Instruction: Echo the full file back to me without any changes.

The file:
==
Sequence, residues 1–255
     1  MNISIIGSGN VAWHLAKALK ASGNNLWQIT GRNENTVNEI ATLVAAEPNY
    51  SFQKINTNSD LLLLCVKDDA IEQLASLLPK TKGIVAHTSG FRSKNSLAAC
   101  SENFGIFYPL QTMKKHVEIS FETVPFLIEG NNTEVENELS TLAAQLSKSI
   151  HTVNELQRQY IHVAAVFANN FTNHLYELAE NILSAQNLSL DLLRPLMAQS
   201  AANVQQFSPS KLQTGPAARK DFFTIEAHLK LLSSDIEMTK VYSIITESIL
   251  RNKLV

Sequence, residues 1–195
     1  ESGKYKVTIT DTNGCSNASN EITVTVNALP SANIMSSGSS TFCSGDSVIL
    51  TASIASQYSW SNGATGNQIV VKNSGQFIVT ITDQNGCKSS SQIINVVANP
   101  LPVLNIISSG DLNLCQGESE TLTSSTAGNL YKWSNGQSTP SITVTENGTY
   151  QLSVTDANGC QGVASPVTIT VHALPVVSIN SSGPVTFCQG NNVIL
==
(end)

Sequence, residues 1–255
     1  MNISIIGSGN VAWHLAKALK ASGNNLWQIT GRNENTVNEI ATLVAAEPNY
    51  SFQKINTNSD LLLLCVKDDA IEQLASLLPK TKGIVAHTSG FRSKNSLAAC
   101  SENFGIFYPL QTMKKHVEIS FETVPFLIEG NNTEVENELS TLAAQLSKSI
   151  HTVNELQRQY IHVAAVFANN FTNHLYELAE NILSAQNLSL DLLRPLMAQS
   201  AANVQQFSPS KLQTGPAARK DFFTIEAHLK LLSSDIEMTK VYSIITESIL
   251  RNKLV

Sequence, residues 1–195
     1  ESGKYKVTIT DTNGCSNASN EITVTVNALP SANIMSSGSS TFCSGDSVIL
    51  TASIASQYSW SNGATGNQIV VKNSGQFIVT ITDQNGCKSS SQIINVVANP
   101  LPVLNIISSG DLNLCQGESE TLTSSTAGNL YKWSNGQSTP SITVTENGTY
   151  QLSVTDANGC QGVASPVTIT VHALPVVSIN SSGPVTFCQG NNVIL